Israel to Scrap Restrictions on Outdoor Gatherings

Healthcare workers take test samples of Israelis in a drive-through complex to check if they have been infected with COVID-19, in Ramle. (Yossi Aloni/Flash90)

Prime Minister Naftali Bennett and Health Minister Nitzan Horowitz decided late on Wednesday to scrap some restrictions on outdoor gatherings, pending approval of the Coronavirus Cabinet.

As of Friday, events held outdoors will no longer be limited to 5,000 participants but will be held under Green Pass regulations, requiring proof of vaccination or of negative tests for COVID-19.

The decision will be brought to the members of the Coronavirus Cabinet for approval in a telephone vote.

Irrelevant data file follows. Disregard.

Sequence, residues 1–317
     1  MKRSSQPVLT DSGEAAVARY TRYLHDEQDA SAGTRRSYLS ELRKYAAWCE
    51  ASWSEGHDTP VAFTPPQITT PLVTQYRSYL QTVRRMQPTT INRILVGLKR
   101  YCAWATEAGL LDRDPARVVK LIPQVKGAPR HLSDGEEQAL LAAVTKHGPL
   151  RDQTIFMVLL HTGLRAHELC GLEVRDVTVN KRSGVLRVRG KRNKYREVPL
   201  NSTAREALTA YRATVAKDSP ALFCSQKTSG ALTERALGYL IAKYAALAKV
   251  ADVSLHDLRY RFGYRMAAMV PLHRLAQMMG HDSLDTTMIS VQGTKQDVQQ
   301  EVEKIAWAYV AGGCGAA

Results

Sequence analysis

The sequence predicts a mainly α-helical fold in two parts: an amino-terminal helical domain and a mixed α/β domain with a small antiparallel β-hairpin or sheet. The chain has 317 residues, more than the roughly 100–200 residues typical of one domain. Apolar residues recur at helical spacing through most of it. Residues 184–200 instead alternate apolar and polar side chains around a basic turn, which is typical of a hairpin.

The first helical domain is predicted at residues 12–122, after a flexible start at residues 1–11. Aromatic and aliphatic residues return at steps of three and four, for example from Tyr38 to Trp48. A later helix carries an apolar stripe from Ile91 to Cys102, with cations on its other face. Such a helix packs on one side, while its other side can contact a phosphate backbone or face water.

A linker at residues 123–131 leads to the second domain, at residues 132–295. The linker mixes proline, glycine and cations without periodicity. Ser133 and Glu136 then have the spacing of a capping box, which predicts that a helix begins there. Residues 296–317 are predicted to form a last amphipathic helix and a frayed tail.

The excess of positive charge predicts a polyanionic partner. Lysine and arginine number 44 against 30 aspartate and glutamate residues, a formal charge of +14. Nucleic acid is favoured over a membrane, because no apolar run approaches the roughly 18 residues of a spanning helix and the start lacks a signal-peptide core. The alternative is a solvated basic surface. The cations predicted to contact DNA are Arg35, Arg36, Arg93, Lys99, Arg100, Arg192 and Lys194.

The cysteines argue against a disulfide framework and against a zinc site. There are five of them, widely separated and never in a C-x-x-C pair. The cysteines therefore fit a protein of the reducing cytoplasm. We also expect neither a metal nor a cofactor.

The expedited move was promoted by Culture Minister Chili Tropper and was approved by health experts after a consistent drop in the number of daily COVID infections.

Bennett’s decision comes days after the Cabinet decided to allow vaccinated tourists to enter the country from Nov. 1, if their vaccines are recognized by the World Health Organization, and to allow tourists vaccinated by the Russian-made Sputnik V shots from Nov. 15.

The Prime Minister also began a review of the decision by FDA medical experts in favor of vaccination of children aged five to 11.

Israel hopes for an expedited process of approval, with the vaccination campaign expected to be rolled out in the latter part of November, pending approval of health officials.

Deliberations are expected to be held in full view of the public, who will be able to pose questions for health experts – in the hopes that concerns over adverse effects of vaccines will be addressed, and that parents will opt to vaccinate their children and prevent illness.